Joey has landed in some hot water with the fuzz over in Movie Jail. He needs to demonstrate how to write good exposition without boring an audience to death. But can Detective Campos be trusted...?
This tutorial on writing exposition is our homage to one of Joey's favorite Kurt Russells: Snake Plissken, from the 1981 movie Escape From New York by John Carpenter.
Written by VGHS screen writer and RJFS professor Will Campos, this tutorial-hidden-in-a-scene touches on the many different ways you can sneak exposition into your screenplay without taking the audience out of the story.
So what exactly is exposition?
Basically, exposition is the way you convey relevant information about your story, within your story, to your audience. All those little details about your world that an audience needs to understand in order to understand your story? (i.e., "Our hero hasn't spoken to his sister in 20 years," "This super villain has a nuke that will wipe out the eastern seaboard," "The Force is an energy field created by all living things that surrounds us, and penetrates us, and binds the galaxy together.") Exposition is how you get those details across.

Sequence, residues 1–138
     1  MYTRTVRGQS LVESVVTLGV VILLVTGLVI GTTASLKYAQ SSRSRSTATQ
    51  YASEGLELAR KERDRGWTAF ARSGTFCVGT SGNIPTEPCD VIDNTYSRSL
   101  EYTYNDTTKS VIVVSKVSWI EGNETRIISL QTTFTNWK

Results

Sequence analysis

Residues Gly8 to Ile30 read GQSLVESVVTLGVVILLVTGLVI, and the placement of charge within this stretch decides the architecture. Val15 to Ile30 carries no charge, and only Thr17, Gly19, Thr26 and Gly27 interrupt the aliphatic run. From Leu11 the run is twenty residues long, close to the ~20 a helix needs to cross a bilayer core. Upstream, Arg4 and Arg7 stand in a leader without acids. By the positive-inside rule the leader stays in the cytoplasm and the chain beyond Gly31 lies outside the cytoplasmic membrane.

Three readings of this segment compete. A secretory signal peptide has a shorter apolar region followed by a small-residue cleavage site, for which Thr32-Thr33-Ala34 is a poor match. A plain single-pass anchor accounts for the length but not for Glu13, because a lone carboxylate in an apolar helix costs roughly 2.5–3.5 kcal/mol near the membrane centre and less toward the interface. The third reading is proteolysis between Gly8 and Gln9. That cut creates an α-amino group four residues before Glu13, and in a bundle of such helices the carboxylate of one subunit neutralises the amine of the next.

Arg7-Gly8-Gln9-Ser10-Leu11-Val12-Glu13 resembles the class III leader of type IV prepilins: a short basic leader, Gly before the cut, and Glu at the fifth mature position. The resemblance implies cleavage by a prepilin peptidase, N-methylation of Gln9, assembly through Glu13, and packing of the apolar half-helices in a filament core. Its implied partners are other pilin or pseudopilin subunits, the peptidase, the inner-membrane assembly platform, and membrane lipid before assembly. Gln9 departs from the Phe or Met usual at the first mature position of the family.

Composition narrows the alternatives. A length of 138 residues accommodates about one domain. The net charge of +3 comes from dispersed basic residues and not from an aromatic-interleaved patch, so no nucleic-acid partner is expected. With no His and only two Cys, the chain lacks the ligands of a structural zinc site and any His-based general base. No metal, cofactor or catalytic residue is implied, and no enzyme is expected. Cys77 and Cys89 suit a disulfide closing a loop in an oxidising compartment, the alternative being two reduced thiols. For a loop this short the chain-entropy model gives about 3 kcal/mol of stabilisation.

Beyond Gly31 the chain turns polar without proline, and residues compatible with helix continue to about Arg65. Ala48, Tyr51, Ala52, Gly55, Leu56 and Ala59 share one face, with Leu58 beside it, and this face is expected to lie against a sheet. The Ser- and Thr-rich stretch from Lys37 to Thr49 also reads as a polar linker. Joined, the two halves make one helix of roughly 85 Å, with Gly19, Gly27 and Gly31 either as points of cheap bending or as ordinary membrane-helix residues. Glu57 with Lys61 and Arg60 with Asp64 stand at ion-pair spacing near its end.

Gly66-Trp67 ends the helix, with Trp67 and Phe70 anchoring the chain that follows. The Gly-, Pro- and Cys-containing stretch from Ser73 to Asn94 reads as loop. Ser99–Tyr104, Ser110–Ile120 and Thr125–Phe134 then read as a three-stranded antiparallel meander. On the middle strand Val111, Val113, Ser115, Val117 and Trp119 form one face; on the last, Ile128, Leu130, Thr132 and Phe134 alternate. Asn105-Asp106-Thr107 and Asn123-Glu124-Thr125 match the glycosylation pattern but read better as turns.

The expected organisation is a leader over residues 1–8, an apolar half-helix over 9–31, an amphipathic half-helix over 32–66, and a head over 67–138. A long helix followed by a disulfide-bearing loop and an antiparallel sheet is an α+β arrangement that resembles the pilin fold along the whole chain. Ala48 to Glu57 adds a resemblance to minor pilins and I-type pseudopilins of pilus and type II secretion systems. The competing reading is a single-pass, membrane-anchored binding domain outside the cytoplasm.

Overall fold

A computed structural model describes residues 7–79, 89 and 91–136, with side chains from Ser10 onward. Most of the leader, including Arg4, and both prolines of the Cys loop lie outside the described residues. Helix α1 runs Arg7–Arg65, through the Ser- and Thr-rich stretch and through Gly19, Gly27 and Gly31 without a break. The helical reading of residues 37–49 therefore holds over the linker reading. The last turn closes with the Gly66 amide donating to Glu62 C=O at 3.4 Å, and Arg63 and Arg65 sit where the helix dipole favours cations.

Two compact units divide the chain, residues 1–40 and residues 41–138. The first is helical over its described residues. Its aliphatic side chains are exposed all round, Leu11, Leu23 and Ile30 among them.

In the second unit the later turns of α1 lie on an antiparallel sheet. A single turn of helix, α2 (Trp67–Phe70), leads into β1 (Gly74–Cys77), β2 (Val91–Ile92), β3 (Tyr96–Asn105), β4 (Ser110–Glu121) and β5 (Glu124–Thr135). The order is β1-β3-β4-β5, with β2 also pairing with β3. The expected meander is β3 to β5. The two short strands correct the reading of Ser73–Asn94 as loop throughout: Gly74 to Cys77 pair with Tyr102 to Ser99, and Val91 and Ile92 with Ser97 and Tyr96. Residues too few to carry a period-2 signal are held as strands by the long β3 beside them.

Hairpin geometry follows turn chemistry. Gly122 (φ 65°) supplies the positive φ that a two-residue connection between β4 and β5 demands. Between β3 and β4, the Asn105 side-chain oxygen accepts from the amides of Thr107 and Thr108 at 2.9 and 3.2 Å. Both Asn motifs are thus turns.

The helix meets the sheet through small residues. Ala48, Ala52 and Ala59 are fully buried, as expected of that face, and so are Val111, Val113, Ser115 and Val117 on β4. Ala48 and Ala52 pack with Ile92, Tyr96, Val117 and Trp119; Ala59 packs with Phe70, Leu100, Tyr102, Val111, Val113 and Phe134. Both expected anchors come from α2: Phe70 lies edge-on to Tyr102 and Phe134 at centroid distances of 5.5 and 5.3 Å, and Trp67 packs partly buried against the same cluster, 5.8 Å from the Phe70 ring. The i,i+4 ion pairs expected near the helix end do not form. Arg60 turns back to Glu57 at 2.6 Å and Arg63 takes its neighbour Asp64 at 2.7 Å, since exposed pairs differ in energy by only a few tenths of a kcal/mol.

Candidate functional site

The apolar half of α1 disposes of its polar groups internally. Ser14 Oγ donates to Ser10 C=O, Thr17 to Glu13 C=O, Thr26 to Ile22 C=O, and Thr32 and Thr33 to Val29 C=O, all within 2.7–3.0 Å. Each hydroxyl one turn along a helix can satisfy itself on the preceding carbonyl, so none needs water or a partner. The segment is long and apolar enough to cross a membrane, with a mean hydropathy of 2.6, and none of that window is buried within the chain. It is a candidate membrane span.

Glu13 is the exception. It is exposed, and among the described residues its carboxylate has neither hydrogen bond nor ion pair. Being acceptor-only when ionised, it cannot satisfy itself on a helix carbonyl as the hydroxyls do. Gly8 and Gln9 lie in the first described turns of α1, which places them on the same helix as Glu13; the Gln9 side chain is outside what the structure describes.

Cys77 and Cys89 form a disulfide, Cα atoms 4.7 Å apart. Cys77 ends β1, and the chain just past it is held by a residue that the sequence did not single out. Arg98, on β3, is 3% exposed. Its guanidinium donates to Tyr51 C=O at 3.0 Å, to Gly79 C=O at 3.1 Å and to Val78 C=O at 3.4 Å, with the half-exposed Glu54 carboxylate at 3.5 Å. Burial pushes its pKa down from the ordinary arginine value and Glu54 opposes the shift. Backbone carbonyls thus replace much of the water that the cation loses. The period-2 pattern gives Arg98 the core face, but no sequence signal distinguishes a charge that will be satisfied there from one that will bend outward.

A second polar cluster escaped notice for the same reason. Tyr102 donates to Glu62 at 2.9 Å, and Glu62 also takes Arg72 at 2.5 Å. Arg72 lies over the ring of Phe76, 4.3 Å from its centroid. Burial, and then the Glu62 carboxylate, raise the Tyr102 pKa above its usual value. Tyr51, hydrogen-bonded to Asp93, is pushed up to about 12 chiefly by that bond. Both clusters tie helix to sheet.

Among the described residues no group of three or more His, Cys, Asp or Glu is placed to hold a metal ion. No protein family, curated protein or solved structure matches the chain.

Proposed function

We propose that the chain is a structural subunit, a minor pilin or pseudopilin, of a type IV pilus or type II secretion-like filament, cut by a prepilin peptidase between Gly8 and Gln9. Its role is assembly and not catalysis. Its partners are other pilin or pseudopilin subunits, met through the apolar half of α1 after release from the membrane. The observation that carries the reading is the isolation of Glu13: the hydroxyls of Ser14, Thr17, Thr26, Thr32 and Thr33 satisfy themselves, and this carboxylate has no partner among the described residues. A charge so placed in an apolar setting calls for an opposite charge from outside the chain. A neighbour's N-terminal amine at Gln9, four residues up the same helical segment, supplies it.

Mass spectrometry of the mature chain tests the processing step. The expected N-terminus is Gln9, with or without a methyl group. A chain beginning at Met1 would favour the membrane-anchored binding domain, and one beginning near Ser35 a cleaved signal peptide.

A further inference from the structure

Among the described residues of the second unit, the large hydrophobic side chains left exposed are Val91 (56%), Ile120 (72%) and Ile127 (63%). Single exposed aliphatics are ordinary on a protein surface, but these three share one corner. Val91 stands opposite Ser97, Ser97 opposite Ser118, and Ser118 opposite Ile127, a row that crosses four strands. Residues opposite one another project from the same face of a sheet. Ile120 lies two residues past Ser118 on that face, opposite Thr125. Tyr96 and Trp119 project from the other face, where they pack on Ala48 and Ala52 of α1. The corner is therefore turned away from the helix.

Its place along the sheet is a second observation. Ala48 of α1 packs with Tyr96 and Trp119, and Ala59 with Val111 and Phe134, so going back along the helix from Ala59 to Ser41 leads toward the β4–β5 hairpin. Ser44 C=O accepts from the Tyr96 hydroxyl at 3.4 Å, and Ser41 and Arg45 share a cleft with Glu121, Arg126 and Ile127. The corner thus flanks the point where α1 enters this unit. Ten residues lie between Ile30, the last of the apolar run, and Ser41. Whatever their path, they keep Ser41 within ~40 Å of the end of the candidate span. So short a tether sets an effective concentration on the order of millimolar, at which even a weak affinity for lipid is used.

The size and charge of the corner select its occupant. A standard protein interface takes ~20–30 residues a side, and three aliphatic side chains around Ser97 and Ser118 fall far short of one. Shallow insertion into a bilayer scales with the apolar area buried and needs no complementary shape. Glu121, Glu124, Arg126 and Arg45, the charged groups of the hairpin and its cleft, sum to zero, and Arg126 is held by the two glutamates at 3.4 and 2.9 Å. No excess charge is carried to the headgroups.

Sounds super dry and boring, huh? You're not wrong! Exposition tends to be a dry, tedious affair. People go to the movies to be entertained, thrilled and enthralled by a gripping, compelling narrative. They don't go to the movies to learn about "important background information."
So when the momentum of your story grinds to a halt so the main character can attend a mission briefing, or catch a conveniently timed news story about the escaped lunatic from the insane asylum, their eyes glaze over and go straight to their phones (where they are probably tweeting about how boring your movie is.)
Yet, as a writer, you will constantly find yourself in situations where you need to stop and explain what the hell is going on so that people can understand the drama of your story going forward. Thus, good exposition gives the audience all the information they need to enjoy your story, in a way that doesn't take them out of the story. Easier said than done! Fortunately, as writers, we have some tricks in our toolbox to help us get the job done.
To keep reading Will's lesson plan, download the study guide here!
Special shout out to our composer, Maxton Waller.
Extra Credit: Post your own exposition scenes in the forum and get feedback!